Gulf in quality highlights lack of proper process
Bangladesh Premier League champions Bashundhara Kings' 4-0 capitulation against Indian Super League outfit ATK Mohun Bagan in the AFC Cup -- which came just a month after Abahani lost 3-1 to the same side -- may have shocked spectators, but both matches highlighted the gulf in quality between players of Bangladesh and India at the international level.
Abahani, who emerged as group champions in the AFC Cup in 2019, were hoping to make it into the group stages again this time around with a better squad and better results in the domestic circuit, but their dreams were shattered by Mohun Bagan in the play-offs. Bashundhara Kings, who were hoping to make it out of the group stage in just their second attempt after a win in their opening group game, then saw their ambitions left in tatters on Saturday.
"While we still depend on players that develop naturally, India, Maldives and Nepal have adapted. They now produce quality players through academies and that is the difference."
While Bashundhara Kings went unbeaten against Indian outfits in the last edition of the AFC Cup and Abahani recorded two wins over Indian outfits in the 2019 edition to provide the impression that Bangladesh football was improving, those proved to be exceptions.
Bangladeshi teams usually lose to their Indian counterparts whether it be at the club or national level and the two massive defeats in the span of little over a month showed that Bangladeshi players are still well behind their Indian counterparts, who actually made the differences in both matches.
Former national striker turned coach Alfaz Ahmed believes that, similar to his playing days, Indian athletes were still ahead in every aspect.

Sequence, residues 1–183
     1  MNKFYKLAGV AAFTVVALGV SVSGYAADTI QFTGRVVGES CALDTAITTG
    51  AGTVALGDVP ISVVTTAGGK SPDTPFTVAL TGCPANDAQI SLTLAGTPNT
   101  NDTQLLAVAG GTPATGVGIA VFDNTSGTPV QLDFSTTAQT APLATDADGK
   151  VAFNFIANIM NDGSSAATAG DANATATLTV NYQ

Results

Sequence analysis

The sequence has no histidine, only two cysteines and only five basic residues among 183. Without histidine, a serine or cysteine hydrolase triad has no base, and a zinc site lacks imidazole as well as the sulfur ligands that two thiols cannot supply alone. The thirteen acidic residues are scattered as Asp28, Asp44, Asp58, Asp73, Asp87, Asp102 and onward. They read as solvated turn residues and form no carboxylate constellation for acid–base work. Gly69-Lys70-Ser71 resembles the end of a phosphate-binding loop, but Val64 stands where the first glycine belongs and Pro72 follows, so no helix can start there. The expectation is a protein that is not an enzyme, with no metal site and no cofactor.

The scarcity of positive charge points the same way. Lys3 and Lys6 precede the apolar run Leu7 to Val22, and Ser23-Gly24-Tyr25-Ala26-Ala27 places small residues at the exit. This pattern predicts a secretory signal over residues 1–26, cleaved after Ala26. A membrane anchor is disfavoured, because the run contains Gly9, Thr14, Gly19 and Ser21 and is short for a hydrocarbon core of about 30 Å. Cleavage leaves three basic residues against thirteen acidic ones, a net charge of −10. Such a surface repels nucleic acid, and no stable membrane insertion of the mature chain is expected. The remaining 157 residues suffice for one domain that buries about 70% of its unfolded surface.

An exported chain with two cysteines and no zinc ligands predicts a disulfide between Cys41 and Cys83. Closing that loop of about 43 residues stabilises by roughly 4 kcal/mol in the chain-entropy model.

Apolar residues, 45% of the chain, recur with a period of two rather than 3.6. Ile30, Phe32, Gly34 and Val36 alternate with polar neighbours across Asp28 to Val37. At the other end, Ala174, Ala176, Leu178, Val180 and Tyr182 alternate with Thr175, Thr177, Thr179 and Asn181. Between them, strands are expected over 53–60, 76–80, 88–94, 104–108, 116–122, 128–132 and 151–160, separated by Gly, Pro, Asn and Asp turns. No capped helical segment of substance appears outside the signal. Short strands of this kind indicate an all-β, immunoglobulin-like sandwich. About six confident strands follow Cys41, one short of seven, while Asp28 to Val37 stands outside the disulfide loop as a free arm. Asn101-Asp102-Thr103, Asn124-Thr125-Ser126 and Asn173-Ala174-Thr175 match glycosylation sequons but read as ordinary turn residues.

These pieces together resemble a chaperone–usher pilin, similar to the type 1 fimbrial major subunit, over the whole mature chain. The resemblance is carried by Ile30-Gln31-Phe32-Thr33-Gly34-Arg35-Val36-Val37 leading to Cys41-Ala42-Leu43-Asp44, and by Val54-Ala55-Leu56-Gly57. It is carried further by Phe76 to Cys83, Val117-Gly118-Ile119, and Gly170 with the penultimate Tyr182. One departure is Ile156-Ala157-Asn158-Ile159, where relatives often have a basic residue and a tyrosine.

"We are behind Indian players in every aspect. They are better in terms of physique, skill, speed and positional awareness. They are really brave and eager to do something with the ball while our players distribute the ball after getting it. But you must do something creative up front if you want to win the match," Alfaz Ahmed told The Daily Star after watching Saturday's match between Kings and Mohun Bagan.
"When we played, Indian players were also ahead of us in some aspects. But they have developed far more than us because they play football around the year with a good number of foreign players. They also come through a well-organised process," opined the former national striker.
"The difference for me was that the Kings' players looked tired, didn't run enough and were unable to control the tempo which were big factors," Alfaz said.
Bangladesh's lone UEFA A-licenced coach Maruful Haque believes local players usually make the difference at the international stage even when it comes to club tournaments.
"Local players of either side were the main difference. Just check the background of the Indians that play for Mohun Bagan. They came from different academies and ISL outfits. Indian players emerge through a process. Their movement and ball distribution is totally different on the pitch compared to ours," Haque said.
Asked how the Bangladeshi footballers fought equally decades ago before the downturn, Maruful replied: "In the 1980s and 1990s, clubs from India, Maldives and Bangladesh depended on their respective national players. At that time, everyone was equal because there were neither academies nor grassroots projects. Training was similar around the whole sub-continent. While we still depend on players that develop naturally, India, Maldives and Nepal have adapted. They now produce quality players through academies and that is the difference."
Aside from the difference in quality among players, others opined that tactical errors from the coaches played a part as both Abahani and Kings adopted a high-line in defence, allowing the faster strikers on the opposing side to get in behind.